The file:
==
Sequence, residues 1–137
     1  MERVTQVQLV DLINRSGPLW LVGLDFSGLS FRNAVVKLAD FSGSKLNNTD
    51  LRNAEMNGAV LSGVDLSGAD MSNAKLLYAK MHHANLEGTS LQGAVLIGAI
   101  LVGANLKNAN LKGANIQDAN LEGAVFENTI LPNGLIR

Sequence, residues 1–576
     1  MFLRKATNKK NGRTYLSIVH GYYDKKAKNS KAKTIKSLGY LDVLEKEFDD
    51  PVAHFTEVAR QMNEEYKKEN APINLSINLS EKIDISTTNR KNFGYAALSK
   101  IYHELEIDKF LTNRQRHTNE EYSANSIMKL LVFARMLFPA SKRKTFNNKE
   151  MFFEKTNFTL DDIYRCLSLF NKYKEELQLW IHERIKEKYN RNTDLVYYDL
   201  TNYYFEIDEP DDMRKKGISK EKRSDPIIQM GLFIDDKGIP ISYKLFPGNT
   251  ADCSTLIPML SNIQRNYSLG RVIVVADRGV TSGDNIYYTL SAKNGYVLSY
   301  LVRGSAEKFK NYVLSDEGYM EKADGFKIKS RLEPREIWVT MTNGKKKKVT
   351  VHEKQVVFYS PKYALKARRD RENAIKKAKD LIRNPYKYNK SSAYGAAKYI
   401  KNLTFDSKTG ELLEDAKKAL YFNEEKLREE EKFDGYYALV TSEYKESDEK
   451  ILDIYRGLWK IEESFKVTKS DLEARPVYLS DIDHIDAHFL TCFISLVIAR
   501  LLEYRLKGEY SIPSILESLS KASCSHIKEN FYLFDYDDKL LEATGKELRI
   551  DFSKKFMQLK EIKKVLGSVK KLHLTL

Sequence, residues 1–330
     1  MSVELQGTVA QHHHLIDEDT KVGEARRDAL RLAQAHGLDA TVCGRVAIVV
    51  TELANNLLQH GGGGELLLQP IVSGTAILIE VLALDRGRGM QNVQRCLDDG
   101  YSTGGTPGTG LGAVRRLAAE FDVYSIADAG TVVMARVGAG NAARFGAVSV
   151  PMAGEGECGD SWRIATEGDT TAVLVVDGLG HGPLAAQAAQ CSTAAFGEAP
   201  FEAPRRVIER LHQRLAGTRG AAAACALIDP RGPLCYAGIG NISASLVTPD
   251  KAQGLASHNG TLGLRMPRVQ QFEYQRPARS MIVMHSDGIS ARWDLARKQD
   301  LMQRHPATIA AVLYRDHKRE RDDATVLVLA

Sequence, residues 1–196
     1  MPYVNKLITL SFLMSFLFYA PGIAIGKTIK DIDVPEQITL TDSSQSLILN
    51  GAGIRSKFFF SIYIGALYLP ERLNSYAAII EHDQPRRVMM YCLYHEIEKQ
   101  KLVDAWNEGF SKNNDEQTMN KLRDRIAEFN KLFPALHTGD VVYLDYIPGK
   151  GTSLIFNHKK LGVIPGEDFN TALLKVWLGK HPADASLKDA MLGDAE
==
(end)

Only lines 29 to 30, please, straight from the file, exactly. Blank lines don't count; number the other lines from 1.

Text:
   101  KLVDAWNEGF SKNNDEQTMN KLRDRIAEFN KLFPALHTGD VVYLDYIPGK
   151  GTSLIFNHKK LGVIPGEDFN TALLKVWLGK HPADASLKDA MLGDAE